I’m a firm believer in Google TV. I think the platform has more promise than any other software running on set-top boxes today. With the right vision and some fulfilment on promises Google has made in the past, I think it’s quite possible for the company’s platform to entirely change the way we enjoy entertainment in the living room.
But in its current form, Google TV isn’t there. Content providers aren’t playing nice with Google and running the platform in tandem with your cable provider’s DVR won’t deliver the same appeal that DISH customers enjoy. I view the software more as a proof-of-concept than a nicely thought-out implementation.
Realizing that, I just can’t see why Logitech continues to sell its Revue set-top box for a whopping $300. Yes, I know that it’s running Google TV, and the platform can do more than, say, the software running on the $99 Apple TV, but it’s clear now that the excitement everyone had about Google TV has died down. And it’s being viewed as what it really is: an under-performing entertainment platform.
As far as I’m concerned, the Logitech Revue should be selling for $150 at most. At that price, the company will be able to drum up some demand for the device, hopefully get most of its investment back, and at least have an installed base in place for when Google gets serious about its platform.
But the need for a price cut goes beyond demand.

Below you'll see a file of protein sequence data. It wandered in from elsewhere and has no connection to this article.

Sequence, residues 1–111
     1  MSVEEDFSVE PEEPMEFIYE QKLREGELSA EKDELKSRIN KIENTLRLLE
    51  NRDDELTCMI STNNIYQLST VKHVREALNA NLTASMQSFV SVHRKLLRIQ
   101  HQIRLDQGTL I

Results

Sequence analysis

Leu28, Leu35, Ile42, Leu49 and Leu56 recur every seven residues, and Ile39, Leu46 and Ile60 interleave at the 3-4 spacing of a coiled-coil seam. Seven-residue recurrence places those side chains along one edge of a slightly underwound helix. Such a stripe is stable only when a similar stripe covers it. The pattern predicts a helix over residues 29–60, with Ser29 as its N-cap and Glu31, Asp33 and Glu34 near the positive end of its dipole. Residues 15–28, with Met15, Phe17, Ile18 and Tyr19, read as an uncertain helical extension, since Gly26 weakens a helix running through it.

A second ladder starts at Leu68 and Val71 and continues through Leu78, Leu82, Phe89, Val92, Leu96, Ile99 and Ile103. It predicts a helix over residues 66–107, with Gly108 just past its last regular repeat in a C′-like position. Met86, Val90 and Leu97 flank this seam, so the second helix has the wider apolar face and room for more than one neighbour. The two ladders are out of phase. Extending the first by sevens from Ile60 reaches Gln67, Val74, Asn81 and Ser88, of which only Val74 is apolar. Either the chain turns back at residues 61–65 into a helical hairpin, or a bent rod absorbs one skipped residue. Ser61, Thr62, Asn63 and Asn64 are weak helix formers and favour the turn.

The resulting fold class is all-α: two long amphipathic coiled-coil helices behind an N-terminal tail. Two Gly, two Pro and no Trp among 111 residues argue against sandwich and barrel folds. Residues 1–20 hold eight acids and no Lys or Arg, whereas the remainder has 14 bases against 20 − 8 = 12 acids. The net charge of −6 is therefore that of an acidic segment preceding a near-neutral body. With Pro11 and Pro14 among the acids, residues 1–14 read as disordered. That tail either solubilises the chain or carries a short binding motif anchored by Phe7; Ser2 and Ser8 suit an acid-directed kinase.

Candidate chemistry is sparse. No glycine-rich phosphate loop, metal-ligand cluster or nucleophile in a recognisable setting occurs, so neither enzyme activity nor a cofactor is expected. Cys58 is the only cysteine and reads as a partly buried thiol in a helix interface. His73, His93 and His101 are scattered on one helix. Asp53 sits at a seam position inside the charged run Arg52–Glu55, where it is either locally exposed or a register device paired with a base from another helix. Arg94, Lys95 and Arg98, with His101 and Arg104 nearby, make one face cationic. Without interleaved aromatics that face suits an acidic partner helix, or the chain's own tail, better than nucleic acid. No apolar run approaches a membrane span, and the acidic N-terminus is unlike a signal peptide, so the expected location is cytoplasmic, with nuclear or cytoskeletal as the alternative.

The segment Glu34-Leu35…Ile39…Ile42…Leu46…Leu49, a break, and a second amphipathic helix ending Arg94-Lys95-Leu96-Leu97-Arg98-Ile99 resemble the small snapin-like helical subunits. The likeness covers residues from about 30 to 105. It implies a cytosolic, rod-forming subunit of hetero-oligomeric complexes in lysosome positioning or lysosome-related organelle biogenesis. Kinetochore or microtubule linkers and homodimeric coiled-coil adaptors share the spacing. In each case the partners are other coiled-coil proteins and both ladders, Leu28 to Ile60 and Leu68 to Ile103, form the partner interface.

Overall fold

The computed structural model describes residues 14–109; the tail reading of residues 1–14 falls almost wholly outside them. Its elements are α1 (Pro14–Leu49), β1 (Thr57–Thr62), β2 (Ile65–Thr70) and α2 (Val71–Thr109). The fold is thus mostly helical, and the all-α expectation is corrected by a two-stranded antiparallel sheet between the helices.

Earlier this month, Vizio, currently the second-largest TV maker in the U.S., announced that it will offer Google TV in some of its sets going forward. In addition, reports surfaced last week claiming ARM-based Google TV devices are scheduled to launch “soon.” With the help of ARM, vendors should be able to offer lower-cost technology, pushing down the average price of Google TV products.
Logitech continues to feel pressure outside of the Google TV market, as well.
Apple announced in December that it hit 1 million unit sales of its Apple TV. The figure isn’t staggering, but it effectively highlights that the platform is catching on. And let’s face it: Logitech doesn’t enjoy the same brand recognition that Apple does.
Moreover, Roku’s set-top boxes, which can be purchased for as little as $60, continue to sell well.
So, I’m a little confused by Logitech’s insistence on maintaining its $300 price tag on the Revue. I understand that it wants to get every last dime out of its investment and I think it believes that the device will offer more value when Google updates its platform, but by then will it be too late? At least right now, the Revue is somewhat new and relevant. In a few months, it could be just another forgotten toy that failed to catch on with the mainstream.
Say what you will about Logitech and the future of home entertainment, but unless the company starts realizing that it’s not as well-positioned as it could be, and it understands that the competition is offering cheaper and more compelling alternatives, it simply won’t see success in the set-top box space.